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Look what you made Taylor do?



George Washington University


Look what you made Taylor do?

A look at Taylor Swift's new music

Anika Raju


Taylor Swift may be one of the most polarizing artists in the music industry. On August 21, she released the first of three promos videos on her Instagram, shortly after she had cleared all of her social media accounts. Each of the three clips featured shots of various segments of a snake slithering through the dark, with the snake's head screaming into the camera in the last clip.

A post shared by Taylor Swift (@taylorswift) on

A post shared by Taylor Swift (@taylorswift) on

A post shared by Taylor Swift (@taylorswift) on

Half of Twitter was rejoicing in the fact that Swift had released these videos, which clearly indicated that new music was on the way, and the other half was a mix of apathetic and annoyed.

Luckily, there was not too much time between the release of the promo videos and the release of her new album’s first single. “Look What You Made Me Do” is a jab at Taylor Swift’s critics. As someone who is not a fan of "post-Speak Now" Taylor Swift and as someone who belongs to the group of people that Swift's new music targets, I decided to give her new single and its music video a chance before I formulated my opinions on it.

Swift's video opens up with her rising from the grave as a zombie, reflecting the death of her old persona. Soon after, we see the first of the many instances of snake imagery. Swift sits on a throne embellished with gold serpents, while live snakes slither around her- an ode to Kim Kardashian's calling of her a snake.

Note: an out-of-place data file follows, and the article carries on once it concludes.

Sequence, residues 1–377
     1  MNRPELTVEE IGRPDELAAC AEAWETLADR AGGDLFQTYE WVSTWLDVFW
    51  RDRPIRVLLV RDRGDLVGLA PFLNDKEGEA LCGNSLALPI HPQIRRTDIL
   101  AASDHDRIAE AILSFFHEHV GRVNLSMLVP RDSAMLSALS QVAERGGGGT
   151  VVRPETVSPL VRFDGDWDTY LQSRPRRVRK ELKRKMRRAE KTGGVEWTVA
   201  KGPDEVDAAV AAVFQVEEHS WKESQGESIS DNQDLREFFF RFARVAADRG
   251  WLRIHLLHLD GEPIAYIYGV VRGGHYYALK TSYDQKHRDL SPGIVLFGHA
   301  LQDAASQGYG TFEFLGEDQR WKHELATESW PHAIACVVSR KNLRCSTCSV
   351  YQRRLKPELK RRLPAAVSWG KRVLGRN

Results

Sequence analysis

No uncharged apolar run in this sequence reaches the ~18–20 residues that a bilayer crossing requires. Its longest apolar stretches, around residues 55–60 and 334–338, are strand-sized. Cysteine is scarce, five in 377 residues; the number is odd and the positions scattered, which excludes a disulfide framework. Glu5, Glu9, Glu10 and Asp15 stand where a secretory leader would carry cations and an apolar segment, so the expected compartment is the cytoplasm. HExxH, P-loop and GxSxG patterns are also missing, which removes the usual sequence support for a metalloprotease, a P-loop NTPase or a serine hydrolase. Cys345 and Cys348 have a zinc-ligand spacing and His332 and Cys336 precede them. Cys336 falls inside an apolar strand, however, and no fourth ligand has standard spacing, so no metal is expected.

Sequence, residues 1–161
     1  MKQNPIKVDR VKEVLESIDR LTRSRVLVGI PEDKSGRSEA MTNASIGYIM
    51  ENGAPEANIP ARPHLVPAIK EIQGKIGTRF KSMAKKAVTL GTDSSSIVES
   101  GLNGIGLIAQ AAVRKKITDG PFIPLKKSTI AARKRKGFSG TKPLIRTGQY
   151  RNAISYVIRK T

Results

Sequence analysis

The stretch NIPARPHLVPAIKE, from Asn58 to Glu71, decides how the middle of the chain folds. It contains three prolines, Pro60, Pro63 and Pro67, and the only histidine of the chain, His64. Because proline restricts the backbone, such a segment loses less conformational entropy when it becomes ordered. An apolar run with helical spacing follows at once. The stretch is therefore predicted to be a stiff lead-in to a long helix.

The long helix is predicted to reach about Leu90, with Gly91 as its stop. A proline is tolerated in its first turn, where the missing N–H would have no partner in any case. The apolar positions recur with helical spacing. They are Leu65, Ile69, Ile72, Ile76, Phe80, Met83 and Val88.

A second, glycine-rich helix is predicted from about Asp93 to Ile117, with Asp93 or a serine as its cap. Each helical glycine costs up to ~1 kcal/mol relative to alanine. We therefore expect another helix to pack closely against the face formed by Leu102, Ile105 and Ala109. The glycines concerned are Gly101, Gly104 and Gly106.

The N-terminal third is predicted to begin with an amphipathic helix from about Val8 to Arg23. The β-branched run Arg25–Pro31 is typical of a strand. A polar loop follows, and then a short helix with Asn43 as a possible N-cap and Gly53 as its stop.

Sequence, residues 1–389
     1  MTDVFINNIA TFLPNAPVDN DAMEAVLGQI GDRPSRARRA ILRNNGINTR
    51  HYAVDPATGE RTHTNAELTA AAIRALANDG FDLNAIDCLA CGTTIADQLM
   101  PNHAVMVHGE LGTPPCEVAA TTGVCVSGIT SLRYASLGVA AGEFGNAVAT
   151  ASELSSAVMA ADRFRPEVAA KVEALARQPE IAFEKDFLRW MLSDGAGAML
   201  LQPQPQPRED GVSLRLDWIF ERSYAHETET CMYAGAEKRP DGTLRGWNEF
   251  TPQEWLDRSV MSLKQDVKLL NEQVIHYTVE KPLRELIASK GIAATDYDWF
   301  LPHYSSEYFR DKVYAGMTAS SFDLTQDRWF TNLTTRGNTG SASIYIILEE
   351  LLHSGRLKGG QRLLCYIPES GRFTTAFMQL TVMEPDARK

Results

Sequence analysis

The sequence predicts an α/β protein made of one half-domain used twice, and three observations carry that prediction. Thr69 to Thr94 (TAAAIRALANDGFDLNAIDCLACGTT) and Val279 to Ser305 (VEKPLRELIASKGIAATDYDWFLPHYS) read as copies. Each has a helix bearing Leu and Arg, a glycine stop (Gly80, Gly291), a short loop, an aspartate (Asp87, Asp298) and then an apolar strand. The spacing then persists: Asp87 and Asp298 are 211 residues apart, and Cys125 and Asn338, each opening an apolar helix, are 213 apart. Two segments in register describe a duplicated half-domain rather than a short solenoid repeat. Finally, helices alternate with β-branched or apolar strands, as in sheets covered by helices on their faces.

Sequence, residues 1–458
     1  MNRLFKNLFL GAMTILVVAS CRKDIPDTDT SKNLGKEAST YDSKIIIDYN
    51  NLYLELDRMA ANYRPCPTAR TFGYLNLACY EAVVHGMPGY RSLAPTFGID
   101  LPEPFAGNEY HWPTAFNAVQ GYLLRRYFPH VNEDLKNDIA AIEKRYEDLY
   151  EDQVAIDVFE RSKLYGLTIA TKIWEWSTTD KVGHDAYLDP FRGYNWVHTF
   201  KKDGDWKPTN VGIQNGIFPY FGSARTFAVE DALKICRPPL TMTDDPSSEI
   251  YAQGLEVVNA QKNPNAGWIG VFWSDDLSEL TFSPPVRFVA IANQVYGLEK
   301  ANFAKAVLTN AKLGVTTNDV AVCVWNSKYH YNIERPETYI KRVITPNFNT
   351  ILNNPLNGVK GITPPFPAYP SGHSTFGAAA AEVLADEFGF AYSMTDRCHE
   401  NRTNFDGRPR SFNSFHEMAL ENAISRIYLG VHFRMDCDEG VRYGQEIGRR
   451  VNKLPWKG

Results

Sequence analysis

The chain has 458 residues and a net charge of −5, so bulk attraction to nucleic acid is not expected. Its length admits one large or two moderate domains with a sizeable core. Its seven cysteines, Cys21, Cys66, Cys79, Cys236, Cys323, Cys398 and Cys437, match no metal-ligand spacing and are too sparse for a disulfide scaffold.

As the video goes on, scenes very similar to those from Beyoncé's "Formation" music video appear. They could be a jab at "Beyoncé had one of the best videos of all time" from 2009, or they could be a genuine case of appropriation and misused content.

Swift's video, which leads a lot to unpack, ends with each of her old personas, from the geeky girl from "You Belong With Me" to Swan Lake Swift from "Shake it Off," standing in a line bickering with each other.

"You can't possibly be that surprised all the time" exclaims Swan Lake Swift at an overexcited geeky teenage Swift, a punch at Swift's overly surprised reactions at awards show.

"There she goes, playing the victim again," remarks a Swift clad in black leather.

And lastly: "I would very much like to be excluded from this narrative" (Kanye West vs. Taylor Swift, colorized 2009).

Essentially, Swift knew what we were going to say and said it before we could. She acknowledges the fact that she is a snake and owns it.

Obviously where the controversy arises is if claiming victim status can go hand in hand with embracing a snakey attitude as a white, successful recording artist- especially when this is done with the intention of seeking revenge and not justice. The question arises of whether Swift is taking agency of her criticism or is using it to elevate her status and enhance her career.

By recording this song and making this music video, Swift garners the power needed to claim that she is a victim both to her critics and to the music industry. In fact, she already needed to be in a position of power in order to successfully execute such a controversial act and maintain a following. And in this is where the internal conflict lies that many of us have when trying to admire Swift.

Nonetheless, "Look What You Made Me Do" is catchy. Its music video is clever. And its artist is still making millions and securing her spot in the music industry, whether her critics like it or not.